Purpose: Research suggests stereotype endorsement or self-stigma serves as a barrier to functioning and wellbeing among persons with schizophrenia. Little is known about how stable self-stigma is and whether it is linked over time with related constructs such as discrimination experiences and psychological distress. Methods: Stereotype endorsement and discrimination experiences were assessed using the Internalized Stigma of Mental Illness Scale and psychological distress was assessed using the Emotional Discomfort component of the Positive and Negative Syndrome Scale, at three points in time across 1 year. Results: Path analyses indicated that the constructs of stereotype endorsement and discrimination experiences are stable over periods of 5-7 months and may fluctuate over 12 months. Further, the constructs of stereotype endorsement and discrimination experiences were related to one another concurrently, but analyses failed to detect a relationship over time. Neither construct was related to psychological distress over time. Conclusions: Self-stigma is a stable construct in the short term, and is distinct from related constructs such as discrimination experiences and psychological distress.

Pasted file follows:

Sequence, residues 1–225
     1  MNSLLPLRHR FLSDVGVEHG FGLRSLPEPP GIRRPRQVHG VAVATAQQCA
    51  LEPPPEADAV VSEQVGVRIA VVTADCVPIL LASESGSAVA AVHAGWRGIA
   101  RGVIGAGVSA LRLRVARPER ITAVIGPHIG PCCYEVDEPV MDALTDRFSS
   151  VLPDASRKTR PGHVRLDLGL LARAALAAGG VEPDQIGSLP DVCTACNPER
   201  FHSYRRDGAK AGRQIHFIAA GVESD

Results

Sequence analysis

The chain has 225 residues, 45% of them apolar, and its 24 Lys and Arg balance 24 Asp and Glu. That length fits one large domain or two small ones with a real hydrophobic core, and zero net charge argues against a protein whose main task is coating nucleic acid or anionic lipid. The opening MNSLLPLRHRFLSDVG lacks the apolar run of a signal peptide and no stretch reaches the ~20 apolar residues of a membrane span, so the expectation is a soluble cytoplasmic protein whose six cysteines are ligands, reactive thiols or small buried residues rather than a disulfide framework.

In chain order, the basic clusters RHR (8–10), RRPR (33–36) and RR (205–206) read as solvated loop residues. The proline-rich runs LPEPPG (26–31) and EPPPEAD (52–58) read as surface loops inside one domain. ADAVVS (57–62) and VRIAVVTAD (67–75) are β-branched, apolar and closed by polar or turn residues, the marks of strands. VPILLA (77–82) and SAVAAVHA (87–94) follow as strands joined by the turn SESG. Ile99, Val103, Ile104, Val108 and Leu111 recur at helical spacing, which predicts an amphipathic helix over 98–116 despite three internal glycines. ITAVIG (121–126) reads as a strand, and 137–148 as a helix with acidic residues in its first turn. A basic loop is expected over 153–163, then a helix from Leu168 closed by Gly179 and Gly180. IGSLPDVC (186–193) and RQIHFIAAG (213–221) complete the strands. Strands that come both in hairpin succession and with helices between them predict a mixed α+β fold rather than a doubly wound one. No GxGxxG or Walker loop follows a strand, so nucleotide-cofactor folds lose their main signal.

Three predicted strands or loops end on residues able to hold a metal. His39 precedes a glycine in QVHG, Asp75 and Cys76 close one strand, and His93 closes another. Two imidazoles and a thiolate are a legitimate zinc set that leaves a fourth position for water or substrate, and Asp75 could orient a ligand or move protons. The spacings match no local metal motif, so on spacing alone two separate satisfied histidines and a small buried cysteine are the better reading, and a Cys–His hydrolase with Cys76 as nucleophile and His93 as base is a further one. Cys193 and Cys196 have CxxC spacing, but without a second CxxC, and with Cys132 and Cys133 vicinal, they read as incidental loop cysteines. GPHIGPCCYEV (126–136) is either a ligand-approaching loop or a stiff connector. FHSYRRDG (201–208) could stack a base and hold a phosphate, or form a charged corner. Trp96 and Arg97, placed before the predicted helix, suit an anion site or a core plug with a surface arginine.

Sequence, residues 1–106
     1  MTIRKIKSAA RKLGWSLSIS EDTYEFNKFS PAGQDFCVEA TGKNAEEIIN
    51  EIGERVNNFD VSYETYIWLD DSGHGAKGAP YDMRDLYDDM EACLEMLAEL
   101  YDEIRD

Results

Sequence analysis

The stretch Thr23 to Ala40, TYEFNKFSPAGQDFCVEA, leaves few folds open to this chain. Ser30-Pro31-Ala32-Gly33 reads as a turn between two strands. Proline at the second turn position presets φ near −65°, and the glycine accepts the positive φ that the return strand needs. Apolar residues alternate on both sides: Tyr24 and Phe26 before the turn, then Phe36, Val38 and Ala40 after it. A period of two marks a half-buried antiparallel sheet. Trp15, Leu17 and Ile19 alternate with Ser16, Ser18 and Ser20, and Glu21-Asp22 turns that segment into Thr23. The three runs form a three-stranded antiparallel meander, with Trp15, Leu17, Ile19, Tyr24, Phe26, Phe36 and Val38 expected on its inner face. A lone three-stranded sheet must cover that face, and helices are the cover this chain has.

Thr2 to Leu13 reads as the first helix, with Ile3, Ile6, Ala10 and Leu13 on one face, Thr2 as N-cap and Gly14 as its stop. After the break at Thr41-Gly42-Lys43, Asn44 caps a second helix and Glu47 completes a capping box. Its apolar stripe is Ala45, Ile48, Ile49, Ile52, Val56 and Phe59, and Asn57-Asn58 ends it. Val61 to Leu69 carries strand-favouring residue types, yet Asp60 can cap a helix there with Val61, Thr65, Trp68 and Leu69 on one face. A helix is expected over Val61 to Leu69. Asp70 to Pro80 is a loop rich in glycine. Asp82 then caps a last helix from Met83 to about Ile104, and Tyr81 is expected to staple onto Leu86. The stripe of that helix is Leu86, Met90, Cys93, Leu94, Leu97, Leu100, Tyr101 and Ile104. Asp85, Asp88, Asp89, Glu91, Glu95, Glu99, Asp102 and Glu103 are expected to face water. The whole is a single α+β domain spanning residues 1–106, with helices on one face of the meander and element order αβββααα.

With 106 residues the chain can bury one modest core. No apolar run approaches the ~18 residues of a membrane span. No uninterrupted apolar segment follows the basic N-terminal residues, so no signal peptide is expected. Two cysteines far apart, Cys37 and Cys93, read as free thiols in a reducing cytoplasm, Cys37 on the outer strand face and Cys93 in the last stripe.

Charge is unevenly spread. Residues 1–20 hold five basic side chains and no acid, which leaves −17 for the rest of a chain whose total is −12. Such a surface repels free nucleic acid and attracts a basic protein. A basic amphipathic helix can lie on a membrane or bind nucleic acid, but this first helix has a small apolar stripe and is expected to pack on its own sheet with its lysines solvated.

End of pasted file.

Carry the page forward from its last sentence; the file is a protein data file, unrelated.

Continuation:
Bibliographical noteFunding Information:
Acknowledgment This research was funded by a grant from the VA Rehabilitation Research and Development Service.
ASJC Scopus subject areas
- Health(social science)
- Social Psychology
- Psychiatry and Mental health